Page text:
Demonstrating compassion. Finally, compassion is critical to MI. This has recently been added as part of its core in the latest book from MI’s developers, and it has to do with the sincere and honest will of decreasing suffering. This is something very profound that needs to be cultivated, the ability to empty ourselves of what we want to accomplish and really find out what actually is important to people, then to honor that, and to be there as a silent presence for their suffering.
Why did you decide to examine motivational interviewing-based coaching in some of your latest research?
I come from the pulmonary rehabilitation (PR) field. I realized at some point in my career that while we accomplished a lot in improving people’s quality of life (QOL), exercise capacity, and many other health-related outcomes in the short term, we did not advance much on creating habits and behavioral change.
To maintain the benefit of PR, you need behavior change. At that point, I switched to study behaviors (e.g., focusing on physical activity rather than exercise capacity). I started to explore where I can actually help to make lasting changes, things that people would continue doing. That is where I found MI as a scaffold, a framework that can be used for that change.
I learned that change happens when we dilligently work on the things are important to us, not to the doctor or others, but important to us. Once a person starts repetitively doing things toward a doable goal that is important to him or her , they create a new pathway in the brain: habits (what neuroscientists call neuroplasticity).
I amazingly found that no matter our age, if we develop awareness and meaning, we build new ways of approaching life – that is already ingrained in us – and our brain changes when we develop these habits.
In a sense, I wanted to learn a way to focus on what is important and be more content in my life and translate that to my patients. I strongly believe that health is about balance, not the absence of disease or the lack of chronic conditions,. It is about how we juggle everything that is happening to us; it is about our relationships and our situation in life, including COPD. I believe too that when people do MI-based health coaching, they not only listen to patients, they have to listen to themselves, and that is very transformative. I live this philosophy myself: that is not just for “patients”—it is for everybody.
What were the findings of your most recent research?
Briefly, our randomized study tested an intervention that involved MI-based health coaching plus emergency medications (antibiotic and prednisone, to be activated at the start of an exacerbation) and a very brief exercise intervention in COPD patients hospitalized for an exacerbation. The health coaching was weekly for three months and monthly after that for a year.
We found that the intervention was effective to decrease hospitalization at 1, 3, 6 and 9 months post-discharge and significantly improved the quality of life after hospital discharge at 6 and 12 months after the intervention started. It is huge. The benefit of reducing hospitalization came from the MI-based health coaching and did not relate to the use of the emergency medications (antibiotic and prednisone); nor to higher physical activity. However, I think that this emergency intervention to be used during the onset of an exacerbation is a very important tool, perhaps necessary but not sufficient to make a difference. It is the behavior associated with the use of the emergency prescriptions that may make the difference: the self-efficacy, the self-confidence of people to do it at the moment, that is necessary.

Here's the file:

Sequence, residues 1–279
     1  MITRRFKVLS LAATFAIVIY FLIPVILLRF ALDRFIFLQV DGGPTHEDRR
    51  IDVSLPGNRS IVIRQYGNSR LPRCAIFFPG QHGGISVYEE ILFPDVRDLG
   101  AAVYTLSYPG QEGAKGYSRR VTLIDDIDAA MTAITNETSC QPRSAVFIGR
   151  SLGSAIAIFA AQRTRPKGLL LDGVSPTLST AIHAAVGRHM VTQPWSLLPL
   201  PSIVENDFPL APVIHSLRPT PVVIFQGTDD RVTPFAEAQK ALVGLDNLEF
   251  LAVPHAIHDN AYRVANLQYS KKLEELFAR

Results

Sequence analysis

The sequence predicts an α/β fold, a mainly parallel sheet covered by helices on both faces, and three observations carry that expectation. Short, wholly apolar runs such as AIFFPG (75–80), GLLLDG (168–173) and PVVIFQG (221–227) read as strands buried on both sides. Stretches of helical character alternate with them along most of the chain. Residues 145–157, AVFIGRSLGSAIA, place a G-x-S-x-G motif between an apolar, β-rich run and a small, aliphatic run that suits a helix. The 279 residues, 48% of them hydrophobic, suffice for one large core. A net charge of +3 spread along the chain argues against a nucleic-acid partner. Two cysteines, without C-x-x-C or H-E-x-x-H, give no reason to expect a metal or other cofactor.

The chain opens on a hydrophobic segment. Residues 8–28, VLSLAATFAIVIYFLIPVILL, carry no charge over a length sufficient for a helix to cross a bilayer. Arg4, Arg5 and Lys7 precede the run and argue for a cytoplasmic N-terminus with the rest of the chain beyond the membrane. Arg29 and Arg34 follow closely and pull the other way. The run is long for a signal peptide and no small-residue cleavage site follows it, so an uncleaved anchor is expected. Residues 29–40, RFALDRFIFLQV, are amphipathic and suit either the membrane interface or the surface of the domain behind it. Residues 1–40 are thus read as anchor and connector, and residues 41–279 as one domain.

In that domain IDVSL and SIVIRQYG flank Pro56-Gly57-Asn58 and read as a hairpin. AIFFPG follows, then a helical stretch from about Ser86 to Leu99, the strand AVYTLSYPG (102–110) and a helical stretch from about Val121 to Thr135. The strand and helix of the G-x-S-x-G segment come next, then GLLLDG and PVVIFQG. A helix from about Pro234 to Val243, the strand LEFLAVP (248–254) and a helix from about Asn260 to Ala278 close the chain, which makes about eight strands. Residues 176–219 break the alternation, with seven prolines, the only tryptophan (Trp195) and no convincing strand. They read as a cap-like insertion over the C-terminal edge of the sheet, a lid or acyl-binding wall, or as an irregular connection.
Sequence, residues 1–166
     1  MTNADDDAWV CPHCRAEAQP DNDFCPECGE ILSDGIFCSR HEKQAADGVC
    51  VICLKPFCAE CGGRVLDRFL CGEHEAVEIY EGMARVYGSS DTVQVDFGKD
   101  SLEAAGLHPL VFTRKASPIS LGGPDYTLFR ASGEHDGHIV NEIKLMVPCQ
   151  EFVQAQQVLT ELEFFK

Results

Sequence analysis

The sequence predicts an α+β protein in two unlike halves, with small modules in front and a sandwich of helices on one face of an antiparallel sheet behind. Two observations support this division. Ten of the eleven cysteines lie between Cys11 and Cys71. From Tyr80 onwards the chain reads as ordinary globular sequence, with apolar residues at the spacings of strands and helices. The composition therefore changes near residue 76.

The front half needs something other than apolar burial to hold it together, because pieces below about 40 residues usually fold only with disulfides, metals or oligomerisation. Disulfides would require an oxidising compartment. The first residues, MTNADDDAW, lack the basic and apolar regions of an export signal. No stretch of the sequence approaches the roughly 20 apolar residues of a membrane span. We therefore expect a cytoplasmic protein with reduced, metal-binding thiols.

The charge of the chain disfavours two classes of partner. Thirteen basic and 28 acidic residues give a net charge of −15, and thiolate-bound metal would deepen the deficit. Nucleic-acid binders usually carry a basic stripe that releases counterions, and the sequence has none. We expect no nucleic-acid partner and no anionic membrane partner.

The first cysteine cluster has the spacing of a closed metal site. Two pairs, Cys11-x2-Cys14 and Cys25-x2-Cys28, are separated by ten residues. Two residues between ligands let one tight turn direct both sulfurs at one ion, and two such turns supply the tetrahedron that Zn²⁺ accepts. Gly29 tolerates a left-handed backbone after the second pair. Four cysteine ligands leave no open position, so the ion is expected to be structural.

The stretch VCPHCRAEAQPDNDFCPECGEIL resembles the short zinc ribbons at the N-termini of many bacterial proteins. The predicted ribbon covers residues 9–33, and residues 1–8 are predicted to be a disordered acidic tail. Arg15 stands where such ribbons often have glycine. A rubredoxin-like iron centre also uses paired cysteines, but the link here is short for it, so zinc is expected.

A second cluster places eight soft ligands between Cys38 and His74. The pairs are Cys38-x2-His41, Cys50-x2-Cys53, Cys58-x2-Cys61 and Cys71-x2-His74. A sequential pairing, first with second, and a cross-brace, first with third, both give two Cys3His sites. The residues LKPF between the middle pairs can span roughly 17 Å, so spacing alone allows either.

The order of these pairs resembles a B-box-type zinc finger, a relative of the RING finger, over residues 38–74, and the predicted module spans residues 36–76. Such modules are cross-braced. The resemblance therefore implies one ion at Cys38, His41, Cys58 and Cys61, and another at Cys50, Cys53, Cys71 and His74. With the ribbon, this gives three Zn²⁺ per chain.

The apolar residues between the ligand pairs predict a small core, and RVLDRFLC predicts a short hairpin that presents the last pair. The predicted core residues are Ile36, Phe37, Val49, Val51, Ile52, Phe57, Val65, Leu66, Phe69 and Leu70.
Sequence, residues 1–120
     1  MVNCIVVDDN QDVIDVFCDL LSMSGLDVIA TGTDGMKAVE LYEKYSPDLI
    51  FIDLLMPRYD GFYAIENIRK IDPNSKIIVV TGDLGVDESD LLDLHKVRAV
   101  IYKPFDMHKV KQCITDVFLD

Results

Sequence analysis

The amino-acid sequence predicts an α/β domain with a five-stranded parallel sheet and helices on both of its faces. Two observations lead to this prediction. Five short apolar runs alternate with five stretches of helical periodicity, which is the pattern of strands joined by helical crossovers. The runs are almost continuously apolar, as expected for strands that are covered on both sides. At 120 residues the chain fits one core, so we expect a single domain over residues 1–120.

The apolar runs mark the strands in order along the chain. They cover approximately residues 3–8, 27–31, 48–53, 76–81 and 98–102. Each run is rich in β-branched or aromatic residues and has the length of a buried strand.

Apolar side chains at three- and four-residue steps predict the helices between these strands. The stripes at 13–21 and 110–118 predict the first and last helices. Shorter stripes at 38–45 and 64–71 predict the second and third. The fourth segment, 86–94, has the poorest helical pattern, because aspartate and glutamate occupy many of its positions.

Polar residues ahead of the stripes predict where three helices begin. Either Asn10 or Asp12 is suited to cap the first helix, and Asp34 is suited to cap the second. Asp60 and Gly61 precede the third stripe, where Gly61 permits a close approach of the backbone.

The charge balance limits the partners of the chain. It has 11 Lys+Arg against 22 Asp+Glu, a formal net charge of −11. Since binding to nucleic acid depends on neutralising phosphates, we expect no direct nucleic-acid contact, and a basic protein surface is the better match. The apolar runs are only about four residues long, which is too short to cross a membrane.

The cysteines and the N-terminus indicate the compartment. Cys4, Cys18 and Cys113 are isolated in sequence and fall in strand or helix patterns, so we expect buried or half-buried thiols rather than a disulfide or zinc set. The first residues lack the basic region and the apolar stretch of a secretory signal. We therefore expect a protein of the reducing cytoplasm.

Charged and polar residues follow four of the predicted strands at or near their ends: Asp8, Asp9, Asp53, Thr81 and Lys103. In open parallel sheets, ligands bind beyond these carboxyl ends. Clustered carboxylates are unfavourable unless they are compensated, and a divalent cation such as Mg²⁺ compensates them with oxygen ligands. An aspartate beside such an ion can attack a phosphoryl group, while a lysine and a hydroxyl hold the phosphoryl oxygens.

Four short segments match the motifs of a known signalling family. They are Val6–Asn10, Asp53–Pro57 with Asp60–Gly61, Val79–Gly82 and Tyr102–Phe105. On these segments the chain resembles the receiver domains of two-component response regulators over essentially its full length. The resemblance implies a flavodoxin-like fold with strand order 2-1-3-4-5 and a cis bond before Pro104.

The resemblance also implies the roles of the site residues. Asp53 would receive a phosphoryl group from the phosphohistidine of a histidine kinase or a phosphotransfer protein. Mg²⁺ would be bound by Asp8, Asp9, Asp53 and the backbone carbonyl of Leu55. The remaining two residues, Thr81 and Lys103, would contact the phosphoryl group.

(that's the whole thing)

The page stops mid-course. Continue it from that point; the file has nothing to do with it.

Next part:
What would you say your results means to patients and clinicians in the field?
In perspective, our health coaching study(1) is the first randomized evidence of a successful intervention applied at discharge in patients hospitalized for COPD exacerbation that was shown to decrease readmissions. Importantly, the exercise piece did not lead to improvement in physical activity. Again, so we postulate that health coaching may carry the most of the beneficial effect in hospitalizations and quality of life. We also saw decreases in the amount of severe or significant exacerbations as emergency department visits.
There was also sustained improvement in emotional quality of Life (QOL). So far, PR has been the only thing that unquestionably shows improvement in emotional QOL (and physical QOL in the short term); however, uptake is an issue as many people cannot get to it. I believe that health coaching is a tool that improves emotions in COPD and is also synergistic or complementary to the great work that we do in PR, either at home PR or at a center.
Also of note is the impact this has on the provider. We are currently doing a quality study on health coaches, and the process is truly transformative to these individuals. It is not only important for patients, the main focus of our work, but for providers.
In closing, health coaching is possible and there are more and more opportunities to train yourself on these skills. The core of coaching is to create dialogue, in the space of inquiry between the patient and clinician, about what is important to the patient and what will help them sustain the life that is here and now.
MI-based health coaching is another tool complementary to PR for patients to live their current lives better and to avoid hospitalization and ER visits. It is not a panacea; it is, however, another tool in the toolbox. It has everything to do with honoring life, honoring dialogue, listening to patients and listening to ourselves – and promoting real connections that heal.
1. Benzo R, Vickers K, Novotny PJ, Tucker S, Hoult J, Neuenfeldt P, Connett J, Lorig K, McEvoy C. Health Coaching and Chronic Obstructive Pulmonary Disease Rehospitalization. A Randomized Study. American journal of respiratory and critical care medicine. 2016;194(6):672-80. Epub 2016/03/10. doi: 10.1164/rccm.201512-2503OC. PubMed PMID: 26953637.